Saturday, May 26, 2012

Sitting in food is fun!

Baby mergansers in their food dish.
These two orphaned common mergansers -- both from separate clutches from different parts of Vermont -- have found sanctuary here at VINS. The mergs were somehow separated from their parents and were unable to be reunited with their families. 

So, we're taking over as Merg Mom and Dad, feeding the little guys throughout the day, providing them fresh duckweed, mealworms, and all sorts of aquatic critters to eat. We'll care for these youngsters until they fledge and can fend for themselves in the wild. (And yes, they will be released together).

As you can see from the photos above, baby waterfowl like to sit in their food! Sometimes will find them floating in their dish of duckweed. Check back here for updates on this duo, and stories about other baby birds in our care!

And don't forget to watch the merganser video!

Saturday, May 19, 2012

Baby Crow, Baby Raven

The babies are rolling in on a steady basis now, with the VINS Wildlife Services department receiving injured and orphaned nestlings and fledglings on a near daily basis. Recently, two young corvids joined us: one crow and one raven.

Above, a juvenile crow's mouth is examined. Watch his full exam and learn more about this crow!

The young crow above may look full-grown, but his tail feathers are still growing in and he's got some downy body feathers. The absolute telltale sign that this corvid is still young, however, are his blue eyes. Yes, blue eyes! Baby corvids are born with blue eyes that turn to a dark brownish-black as they mature into adulthood.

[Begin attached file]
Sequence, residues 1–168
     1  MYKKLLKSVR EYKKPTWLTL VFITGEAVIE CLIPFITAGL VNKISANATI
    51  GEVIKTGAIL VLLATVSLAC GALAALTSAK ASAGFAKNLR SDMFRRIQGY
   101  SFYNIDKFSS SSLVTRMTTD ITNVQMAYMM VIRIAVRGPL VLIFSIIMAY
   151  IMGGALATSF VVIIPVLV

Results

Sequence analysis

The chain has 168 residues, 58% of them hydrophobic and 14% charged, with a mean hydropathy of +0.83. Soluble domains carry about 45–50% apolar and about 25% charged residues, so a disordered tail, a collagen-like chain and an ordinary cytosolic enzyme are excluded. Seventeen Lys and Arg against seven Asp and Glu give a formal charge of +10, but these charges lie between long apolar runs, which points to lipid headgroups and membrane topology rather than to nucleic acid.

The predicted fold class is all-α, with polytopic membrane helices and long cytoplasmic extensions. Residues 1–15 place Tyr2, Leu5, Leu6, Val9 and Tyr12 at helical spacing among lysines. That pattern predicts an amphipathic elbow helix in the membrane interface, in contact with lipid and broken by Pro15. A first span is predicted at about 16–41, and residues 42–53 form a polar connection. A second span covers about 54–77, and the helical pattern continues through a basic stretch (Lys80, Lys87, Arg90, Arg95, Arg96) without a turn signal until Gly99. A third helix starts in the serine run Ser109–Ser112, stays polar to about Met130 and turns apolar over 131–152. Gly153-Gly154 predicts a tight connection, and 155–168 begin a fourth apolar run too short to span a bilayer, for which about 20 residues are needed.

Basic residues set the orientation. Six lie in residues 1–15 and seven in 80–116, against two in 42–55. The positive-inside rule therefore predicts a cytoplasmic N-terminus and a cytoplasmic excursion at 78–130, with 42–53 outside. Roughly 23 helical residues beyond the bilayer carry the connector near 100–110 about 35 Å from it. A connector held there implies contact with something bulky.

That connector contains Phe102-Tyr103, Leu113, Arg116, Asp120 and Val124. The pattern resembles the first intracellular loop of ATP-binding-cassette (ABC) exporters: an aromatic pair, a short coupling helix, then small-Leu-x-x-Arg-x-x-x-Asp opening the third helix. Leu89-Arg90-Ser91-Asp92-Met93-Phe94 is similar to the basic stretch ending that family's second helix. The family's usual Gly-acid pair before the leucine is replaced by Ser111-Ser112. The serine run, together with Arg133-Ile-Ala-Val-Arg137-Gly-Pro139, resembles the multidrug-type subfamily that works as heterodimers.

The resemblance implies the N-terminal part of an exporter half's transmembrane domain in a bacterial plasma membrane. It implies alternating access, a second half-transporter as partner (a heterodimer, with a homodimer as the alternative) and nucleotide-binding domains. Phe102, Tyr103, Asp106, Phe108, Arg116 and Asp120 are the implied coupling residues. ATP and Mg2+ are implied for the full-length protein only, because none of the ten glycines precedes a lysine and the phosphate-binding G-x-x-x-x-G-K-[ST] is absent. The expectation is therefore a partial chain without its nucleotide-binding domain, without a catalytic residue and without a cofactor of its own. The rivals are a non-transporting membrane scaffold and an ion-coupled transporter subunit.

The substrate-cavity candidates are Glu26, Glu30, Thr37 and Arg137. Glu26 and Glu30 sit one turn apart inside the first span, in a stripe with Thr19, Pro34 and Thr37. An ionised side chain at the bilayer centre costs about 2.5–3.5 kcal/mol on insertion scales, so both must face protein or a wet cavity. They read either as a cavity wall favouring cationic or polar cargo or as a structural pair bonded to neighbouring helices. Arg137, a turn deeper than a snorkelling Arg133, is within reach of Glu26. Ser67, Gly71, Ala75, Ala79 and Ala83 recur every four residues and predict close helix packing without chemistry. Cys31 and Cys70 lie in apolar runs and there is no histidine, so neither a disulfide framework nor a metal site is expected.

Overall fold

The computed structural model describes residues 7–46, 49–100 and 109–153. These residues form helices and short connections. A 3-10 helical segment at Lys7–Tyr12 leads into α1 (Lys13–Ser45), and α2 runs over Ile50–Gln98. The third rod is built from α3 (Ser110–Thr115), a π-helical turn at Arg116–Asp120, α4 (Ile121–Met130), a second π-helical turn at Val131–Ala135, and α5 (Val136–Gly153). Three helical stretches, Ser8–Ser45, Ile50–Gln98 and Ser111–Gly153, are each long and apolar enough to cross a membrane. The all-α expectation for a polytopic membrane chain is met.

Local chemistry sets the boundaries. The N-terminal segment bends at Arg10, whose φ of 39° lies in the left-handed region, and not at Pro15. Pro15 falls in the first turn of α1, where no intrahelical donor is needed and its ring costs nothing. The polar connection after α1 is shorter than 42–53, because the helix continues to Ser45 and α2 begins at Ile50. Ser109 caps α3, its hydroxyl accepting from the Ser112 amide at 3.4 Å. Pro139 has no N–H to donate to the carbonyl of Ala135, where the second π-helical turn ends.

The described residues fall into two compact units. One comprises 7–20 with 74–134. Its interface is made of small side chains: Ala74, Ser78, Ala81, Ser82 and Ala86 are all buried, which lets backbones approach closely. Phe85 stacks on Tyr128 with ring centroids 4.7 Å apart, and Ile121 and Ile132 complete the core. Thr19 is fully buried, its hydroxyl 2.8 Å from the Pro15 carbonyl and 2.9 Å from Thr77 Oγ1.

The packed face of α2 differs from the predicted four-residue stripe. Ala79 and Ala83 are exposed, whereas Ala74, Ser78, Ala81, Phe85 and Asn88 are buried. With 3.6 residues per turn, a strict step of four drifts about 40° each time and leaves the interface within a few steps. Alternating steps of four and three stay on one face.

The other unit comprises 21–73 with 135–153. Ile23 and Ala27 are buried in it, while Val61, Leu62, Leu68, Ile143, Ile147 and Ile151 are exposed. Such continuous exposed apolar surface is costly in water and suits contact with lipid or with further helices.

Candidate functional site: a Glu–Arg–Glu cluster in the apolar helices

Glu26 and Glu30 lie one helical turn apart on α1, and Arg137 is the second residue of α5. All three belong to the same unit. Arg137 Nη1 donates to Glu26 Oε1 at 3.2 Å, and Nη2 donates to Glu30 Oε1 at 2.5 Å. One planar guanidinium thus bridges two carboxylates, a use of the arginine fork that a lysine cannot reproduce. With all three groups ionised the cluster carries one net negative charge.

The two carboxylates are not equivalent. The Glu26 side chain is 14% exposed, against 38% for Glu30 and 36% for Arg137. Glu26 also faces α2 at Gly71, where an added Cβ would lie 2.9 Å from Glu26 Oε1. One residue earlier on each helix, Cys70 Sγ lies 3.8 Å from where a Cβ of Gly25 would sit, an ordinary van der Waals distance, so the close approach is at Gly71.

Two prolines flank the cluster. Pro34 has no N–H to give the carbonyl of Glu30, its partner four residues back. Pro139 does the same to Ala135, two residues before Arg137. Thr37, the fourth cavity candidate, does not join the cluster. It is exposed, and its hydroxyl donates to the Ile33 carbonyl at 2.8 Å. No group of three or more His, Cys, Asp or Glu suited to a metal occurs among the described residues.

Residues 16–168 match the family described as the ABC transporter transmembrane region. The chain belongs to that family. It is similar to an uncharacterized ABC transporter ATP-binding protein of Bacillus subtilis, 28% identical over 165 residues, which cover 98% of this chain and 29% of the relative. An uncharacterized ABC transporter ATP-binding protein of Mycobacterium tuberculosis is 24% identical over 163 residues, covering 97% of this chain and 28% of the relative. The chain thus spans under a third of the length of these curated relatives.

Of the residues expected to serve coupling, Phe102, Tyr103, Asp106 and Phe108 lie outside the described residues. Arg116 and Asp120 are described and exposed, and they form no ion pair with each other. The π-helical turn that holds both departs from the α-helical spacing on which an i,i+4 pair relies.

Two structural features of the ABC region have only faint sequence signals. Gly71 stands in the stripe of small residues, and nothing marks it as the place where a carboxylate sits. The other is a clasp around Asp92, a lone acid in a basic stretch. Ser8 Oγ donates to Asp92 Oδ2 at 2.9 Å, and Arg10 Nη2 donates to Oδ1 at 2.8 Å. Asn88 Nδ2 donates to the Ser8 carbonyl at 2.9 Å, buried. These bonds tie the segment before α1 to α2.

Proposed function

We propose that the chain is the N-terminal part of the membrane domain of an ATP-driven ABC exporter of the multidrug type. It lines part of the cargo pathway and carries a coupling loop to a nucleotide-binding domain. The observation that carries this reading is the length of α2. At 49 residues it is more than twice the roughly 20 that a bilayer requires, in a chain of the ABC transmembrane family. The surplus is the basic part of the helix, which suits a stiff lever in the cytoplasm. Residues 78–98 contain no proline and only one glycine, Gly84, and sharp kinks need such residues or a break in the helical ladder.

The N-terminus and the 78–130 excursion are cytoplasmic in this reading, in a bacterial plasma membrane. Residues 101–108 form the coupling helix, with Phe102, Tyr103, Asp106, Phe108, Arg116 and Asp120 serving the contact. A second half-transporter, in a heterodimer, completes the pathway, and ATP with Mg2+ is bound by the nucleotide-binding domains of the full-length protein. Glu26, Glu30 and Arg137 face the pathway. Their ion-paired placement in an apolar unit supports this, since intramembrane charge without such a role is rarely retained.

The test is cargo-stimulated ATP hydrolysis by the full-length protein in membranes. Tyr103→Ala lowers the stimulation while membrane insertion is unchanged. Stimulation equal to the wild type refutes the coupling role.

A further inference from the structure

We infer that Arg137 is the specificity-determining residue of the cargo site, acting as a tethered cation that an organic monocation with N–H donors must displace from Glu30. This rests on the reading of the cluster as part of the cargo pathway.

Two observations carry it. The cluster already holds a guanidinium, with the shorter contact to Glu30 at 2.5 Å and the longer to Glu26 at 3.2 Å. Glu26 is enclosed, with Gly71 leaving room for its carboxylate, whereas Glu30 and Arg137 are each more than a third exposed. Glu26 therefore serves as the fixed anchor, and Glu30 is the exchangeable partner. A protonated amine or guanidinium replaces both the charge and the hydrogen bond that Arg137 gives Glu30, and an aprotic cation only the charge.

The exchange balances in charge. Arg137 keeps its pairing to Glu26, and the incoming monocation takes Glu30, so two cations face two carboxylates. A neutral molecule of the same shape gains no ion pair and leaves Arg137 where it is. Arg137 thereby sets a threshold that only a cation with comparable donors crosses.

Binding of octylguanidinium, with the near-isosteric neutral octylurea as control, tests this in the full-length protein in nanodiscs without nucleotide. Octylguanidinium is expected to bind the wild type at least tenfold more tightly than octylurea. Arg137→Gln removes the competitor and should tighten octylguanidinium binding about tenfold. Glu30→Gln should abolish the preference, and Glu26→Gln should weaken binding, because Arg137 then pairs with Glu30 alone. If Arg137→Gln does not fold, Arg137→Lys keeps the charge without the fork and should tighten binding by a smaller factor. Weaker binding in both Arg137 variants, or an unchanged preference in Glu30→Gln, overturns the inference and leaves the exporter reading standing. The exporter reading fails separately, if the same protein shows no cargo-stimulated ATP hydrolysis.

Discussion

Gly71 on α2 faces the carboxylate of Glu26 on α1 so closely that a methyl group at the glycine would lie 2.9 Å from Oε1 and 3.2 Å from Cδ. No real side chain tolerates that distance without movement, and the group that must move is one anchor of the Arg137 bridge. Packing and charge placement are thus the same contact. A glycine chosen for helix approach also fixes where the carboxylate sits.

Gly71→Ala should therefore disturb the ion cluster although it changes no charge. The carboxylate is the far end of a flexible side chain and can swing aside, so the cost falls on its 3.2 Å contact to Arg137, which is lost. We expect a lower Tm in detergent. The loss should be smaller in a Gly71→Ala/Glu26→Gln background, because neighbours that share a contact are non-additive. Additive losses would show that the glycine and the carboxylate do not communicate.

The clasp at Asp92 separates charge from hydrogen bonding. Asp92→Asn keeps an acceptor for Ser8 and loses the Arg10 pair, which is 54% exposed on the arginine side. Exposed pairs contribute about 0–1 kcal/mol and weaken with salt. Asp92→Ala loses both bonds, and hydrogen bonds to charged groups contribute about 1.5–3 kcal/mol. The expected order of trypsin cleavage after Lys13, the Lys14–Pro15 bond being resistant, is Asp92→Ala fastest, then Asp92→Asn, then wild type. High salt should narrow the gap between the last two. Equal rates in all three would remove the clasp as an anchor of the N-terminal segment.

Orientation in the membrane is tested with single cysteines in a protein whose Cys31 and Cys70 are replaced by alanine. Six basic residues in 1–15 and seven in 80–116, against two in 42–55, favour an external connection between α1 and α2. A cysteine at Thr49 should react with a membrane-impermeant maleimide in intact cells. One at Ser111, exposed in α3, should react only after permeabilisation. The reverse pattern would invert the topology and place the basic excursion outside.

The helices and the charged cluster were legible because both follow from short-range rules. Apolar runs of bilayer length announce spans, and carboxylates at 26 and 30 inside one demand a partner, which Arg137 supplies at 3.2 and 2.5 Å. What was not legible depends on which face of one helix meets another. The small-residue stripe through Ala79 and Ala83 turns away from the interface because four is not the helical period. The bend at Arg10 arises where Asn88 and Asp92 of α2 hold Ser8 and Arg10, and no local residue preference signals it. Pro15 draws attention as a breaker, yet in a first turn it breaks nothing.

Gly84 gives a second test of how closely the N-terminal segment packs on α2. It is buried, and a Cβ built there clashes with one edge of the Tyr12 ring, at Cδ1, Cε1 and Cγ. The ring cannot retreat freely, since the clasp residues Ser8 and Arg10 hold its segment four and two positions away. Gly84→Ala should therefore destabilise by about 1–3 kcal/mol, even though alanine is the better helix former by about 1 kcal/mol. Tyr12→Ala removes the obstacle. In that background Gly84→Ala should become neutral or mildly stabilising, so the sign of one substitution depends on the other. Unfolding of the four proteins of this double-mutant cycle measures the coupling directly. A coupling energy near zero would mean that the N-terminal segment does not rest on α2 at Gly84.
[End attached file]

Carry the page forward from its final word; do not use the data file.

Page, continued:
(Be sure to check out our Patient Cam, currently on this raven!)

The young raven, above, has the blue eyes of a juvenile. Watch a video of his exam!

The young raven, above, was found by the side of the road, emaciated and with a fracture in his left wing. Learn more about his diagnosis and care in this video of his recent check-up.

Friday, May 4, 2012

It's Great to be Gray

Last month, staff at the Vermont Institute of Natural Science (VINS) provided health exams to all of the center's residential birds -- from the golden eagles in our raptor exhibits, to our little mourning doves in the songbird exhibit. 

Our great gray owls -- a male and female -- both came to VINS after sustaining injuries that left them unable to fend for themselves in the wild: the male is missing an eye, and the female had a compound fracture in one of her wings that damaged a tendon. Below, VINS intern Priya Subbarayan examines the eye of one of our great grays. 

Above, Subbarayan (left) looks into an owl's ear, while Americorps member Emma Brinley Buckley holds the bird. Below is a closeup of the owl's ear. Both owls checked out in good health, and were returned to their outdoor enclosure after their exams. Come see these birds for yourself at the VINS Nature Center!